Officials walk past the tail of an Asiana Air Boeing 777 on the runway at San Francisco International Airport after it crashed on landing in San Francisco on July 6, 2013. The plane was arriving from Seoul. UPI/Terry Schmitt | License Photo
WASHINGTON, July 7 (UPI) -- A U.S. airline safety official said Sunday the Asiana Airlines pilots who crash-landed in California should have been aware of the aircraft's angle of approach.
Deborah Hersman, chairman of the National Transportation Safety Board, said on CNN's "State of the Union" the Boeing 777 was packed with electronics to help land the plane and the crew could have also relied on their own skills to land smoothly.
Investigators from the Federal Aviation Administration said it appeared a system that helps guide the 777 in for landing was not working aboard the ill-fated Asiana flight. But Hersman said the loss of the system should not have been fatal.
"There are a lot of systems that help support the pilots as they come into airports, especially busy commercial airports," Hersman said. "There has already been a discussion about that glide scope being out of service, but there are a number of other tools available to the pilots -- some less sophisticated like the precision approach lights -- show you if you are too high or too low coming in."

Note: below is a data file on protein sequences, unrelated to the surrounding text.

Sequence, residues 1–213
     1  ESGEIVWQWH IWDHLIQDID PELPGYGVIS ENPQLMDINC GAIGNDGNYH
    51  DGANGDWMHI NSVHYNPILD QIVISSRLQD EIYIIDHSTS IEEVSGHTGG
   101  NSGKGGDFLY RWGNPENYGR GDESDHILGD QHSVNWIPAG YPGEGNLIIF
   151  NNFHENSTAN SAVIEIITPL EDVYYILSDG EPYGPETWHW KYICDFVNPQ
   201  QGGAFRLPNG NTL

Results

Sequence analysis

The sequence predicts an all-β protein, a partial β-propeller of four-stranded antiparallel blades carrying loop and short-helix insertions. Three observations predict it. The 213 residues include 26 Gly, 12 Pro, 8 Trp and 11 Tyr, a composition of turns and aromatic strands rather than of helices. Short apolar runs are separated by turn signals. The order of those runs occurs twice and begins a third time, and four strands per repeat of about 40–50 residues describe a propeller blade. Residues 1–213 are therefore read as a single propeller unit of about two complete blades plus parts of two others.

Witnesses said it appeared the 777 was coming in too slowly and at a bad angle Saturday when approached the runway at the end of its journey from South Korea. The resulting crash killed two passengers and left several injured.
Hersman said errors during landing remained a major safety issue for aviation. "We see a lot of runway crashes, either landing short or landing long, runway overruns, runway excursions," she said. "It is a very significant threat in the aviation environment and we want to understand what was going on with this crew and this air plane so we can learn from it."
CNN said the pilots had been questioned by law enforcement officers Saturday and would be interviewed by the NTSB in the near future.
Hersman said the interviews with the pilots and examination of flight-recorder data needed to be completed before a cause of the crash could be determined.